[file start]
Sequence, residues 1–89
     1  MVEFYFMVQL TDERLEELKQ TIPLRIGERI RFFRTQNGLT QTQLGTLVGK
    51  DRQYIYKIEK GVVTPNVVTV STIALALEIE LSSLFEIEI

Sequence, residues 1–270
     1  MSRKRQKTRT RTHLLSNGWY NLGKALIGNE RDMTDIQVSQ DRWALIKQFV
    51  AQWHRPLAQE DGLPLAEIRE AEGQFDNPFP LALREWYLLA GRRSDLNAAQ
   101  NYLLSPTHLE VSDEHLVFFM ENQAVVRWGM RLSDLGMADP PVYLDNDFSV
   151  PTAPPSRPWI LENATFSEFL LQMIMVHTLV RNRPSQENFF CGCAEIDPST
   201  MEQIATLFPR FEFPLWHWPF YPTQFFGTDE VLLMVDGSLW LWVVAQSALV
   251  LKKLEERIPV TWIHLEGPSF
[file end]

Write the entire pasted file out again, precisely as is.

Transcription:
Sequence, residues 1–89
     1  MVEFYFMVQL TDERLEELKQ TIPLRIGERI RFFRTQNGLT QTQLGTLVGK
    51  DRQYIYKIEK GVVTPNVVTV STIALALEIE LSSLFEIEI

Sequence, residues 1–270
     1  MSRKRQKTRT RTHLLSNGWY NLGKALIGNE RDMTDIQVSQ DRWALIKQFV
    51  AQWHRPLAQE DGLPLAEIRE AEGQFDNPFP LALREWYLLA GRRSDLNAAQ
   101  NYLLSPTHLE VSDEHLVFFM ENQAVVRWGM RLSDLGMADP PVYLDNDFSV
   151  PTAPPSRPWI LENATFSEFL LQMIMVHTLV RNRPSQENFF CGCAEIDPST
   201  MEQIATLFPR FEFPLWHWPF YPTQFFGTDE VLLMVDGSLW LWVVAQSALV
   251  LKKLEERIPV TWIHLEGPSF